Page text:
Tuesday, March 24, 2009

Dustjacket Placemats

One of my very favorite origial ideas is dustjacket placemats. I love getting new books, but I always feel bad about the dustjacket. I mean, what are you really supposed to do with the dustjacket on that book? I have a hard enough time trying to get my kids not to rip the pages of the book, the dustjacket is history. So for years, when I have gotten a new book, I have taken the jacket off and put it in a file. Then, inspiration hit! And here is my great idea -

To make a dustjacket placemat, collect a piece of posterboard, clear contact paper, a pair of scissors, and a gluestick (if you really want).
Cut your posterboard into quarters, and this gives you the perfect size for a placemat. Now, you get to hack up your dustjacket. Look all over for pictures, not just on the front and back. I also like to cut out the little book blurb, but I don't always use it. Cut them out however you like. I'm not a big cut-on-the-line kind of girl, so I give about a quarter inch edge around them.
Now, assemble all your cut-outs and arrange. If you want, use your glue stick to tack them in place. However, you will be covering the whole mess in contact paper, so there is no real need.
Finally, cover the whole thing with clear contact paper. I always cut more contact paper than I need, much better have room for error than end up with not enough. I cut my pieces 15.5" tall and the just used the width of the contact paper. I tried to take a picture of the process, but I was having a hard time just getting the stuff on straight.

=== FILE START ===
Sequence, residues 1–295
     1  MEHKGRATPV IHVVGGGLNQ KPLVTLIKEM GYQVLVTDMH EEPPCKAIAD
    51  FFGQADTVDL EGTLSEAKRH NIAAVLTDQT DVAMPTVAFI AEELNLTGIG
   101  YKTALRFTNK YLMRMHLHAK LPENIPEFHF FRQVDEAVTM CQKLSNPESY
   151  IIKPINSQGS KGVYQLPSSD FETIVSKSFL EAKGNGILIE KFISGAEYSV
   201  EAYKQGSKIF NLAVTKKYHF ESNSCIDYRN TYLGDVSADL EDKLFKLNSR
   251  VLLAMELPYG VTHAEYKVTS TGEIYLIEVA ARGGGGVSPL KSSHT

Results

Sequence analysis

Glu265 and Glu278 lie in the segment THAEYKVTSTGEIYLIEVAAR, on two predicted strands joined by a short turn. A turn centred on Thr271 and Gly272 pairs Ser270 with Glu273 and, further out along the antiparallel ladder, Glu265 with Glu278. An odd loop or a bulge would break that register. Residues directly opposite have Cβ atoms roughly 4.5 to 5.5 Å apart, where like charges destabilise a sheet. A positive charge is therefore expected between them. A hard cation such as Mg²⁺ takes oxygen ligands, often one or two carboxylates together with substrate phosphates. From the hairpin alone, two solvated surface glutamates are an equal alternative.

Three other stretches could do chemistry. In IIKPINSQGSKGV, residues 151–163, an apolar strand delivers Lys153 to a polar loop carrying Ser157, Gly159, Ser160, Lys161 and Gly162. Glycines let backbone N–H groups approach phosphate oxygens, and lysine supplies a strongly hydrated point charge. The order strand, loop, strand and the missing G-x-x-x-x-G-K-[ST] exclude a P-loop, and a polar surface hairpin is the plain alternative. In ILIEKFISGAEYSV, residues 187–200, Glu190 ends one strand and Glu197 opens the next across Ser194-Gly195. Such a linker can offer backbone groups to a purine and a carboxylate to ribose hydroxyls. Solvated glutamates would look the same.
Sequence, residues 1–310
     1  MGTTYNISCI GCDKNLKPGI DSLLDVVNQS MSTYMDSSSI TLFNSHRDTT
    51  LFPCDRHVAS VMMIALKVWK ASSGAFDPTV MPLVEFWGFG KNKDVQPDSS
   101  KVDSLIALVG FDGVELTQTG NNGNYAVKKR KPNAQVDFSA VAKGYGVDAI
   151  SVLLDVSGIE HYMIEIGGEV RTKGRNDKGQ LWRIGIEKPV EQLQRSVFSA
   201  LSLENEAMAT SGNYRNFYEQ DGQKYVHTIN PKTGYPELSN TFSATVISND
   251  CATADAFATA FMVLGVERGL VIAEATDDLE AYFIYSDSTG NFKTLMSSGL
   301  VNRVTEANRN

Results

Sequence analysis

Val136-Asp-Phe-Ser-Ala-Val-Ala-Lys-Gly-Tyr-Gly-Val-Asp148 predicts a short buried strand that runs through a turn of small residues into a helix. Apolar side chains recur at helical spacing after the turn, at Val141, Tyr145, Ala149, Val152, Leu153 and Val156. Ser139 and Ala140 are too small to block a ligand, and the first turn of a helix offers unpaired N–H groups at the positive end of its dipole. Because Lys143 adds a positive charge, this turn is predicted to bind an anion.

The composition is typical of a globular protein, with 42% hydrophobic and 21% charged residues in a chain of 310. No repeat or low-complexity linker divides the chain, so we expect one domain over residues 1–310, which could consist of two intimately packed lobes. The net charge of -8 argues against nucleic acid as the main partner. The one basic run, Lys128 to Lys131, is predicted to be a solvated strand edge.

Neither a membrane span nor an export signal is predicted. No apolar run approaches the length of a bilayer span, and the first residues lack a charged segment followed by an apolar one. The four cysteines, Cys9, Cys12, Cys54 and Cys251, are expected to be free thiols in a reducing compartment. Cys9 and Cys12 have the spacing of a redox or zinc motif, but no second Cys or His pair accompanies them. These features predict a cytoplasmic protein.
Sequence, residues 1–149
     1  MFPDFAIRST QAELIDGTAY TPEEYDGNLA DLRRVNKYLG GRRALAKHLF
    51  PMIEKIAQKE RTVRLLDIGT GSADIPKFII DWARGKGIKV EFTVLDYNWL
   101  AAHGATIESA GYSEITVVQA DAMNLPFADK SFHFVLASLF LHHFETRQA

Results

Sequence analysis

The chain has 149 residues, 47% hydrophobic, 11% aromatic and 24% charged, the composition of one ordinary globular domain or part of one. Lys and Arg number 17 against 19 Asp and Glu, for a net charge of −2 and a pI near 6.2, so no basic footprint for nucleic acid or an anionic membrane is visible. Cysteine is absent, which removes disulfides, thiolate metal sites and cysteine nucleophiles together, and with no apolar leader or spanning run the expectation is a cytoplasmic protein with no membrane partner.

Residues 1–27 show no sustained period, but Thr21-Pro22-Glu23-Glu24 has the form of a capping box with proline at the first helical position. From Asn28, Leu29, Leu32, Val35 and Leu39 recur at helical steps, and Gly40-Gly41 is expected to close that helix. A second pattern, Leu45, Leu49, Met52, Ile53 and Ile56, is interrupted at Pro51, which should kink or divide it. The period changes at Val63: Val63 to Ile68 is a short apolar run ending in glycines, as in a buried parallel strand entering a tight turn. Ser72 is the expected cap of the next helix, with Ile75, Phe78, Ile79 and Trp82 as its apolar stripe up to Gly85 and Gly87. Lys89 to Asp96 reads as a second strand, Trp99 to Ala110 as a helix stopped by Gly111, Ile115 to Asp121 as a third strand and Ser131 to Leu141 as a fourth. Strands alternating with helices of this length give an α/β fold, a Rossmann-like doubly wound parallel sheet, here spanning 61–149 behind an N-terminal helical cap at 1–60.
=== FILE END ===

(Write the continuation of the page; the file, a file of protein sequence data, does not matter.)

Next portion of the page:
When you get that done, you have two options. You can just flip it over and repeat the contact paper on the blank side, or you can put more pictures on and make it double-sided. I always make them double-sided.
Lastly, trim your edges down to 3/8th of an inch. That's what it says to do on the contact paper directions, so that's what I do. And, viola! Dustjacket placemats. Here are some others that I have done to give you an idea of possible layouts.

Tuesday, March 17, 2009

Bows with Panache

As you have probably figured out, I am a bit obsessive. When I do something, I want to do a MILLION! I tell myself that I am just a real artist, and I want to work on something until I get it right. Not surprisingly, after doing my St. Patty's korker bows, I wanted to do some more. Fortunately for me, I have a lot of ribbon just sitting around, so I had plenty of material to work with. So, I tried using a bunch of different ribbons, and here is what I came up with.
What's that you say? You would really like to seem them closer up so you get all the details? Oh, well, if you insist.
What's that? How do they actually look in someones hair? Well, Joy is usually willing to model for anything.
Alright, I know you are just being polite, so I won't subject you to anymore pictures. Just the commentary.
I figured out why people don't generally use satin ribbon. It curls just fine, but it is heavy, so the curls tend to pull out. I will only use them as filler, and make them shorter. Otherwise they just stretch out too long. I really like how grosgrain holds its exact shape, as does the sheer ribbon I have tried. Overall, I like bows with lots of different kinds of ribbon, not just different colors. It gives them more texture.

Tuesday, March 3, 2009

Recycled Crayons

What do you do with all those broken crayons? Turn them into a fun craft project, of course. Although, I will say, I think I had as much or more fun than the kids did on this one. I actually started breaking apart only slightly used crayons to make these. (True, I always stock up at the beginning of the school year, but that is beside the point.)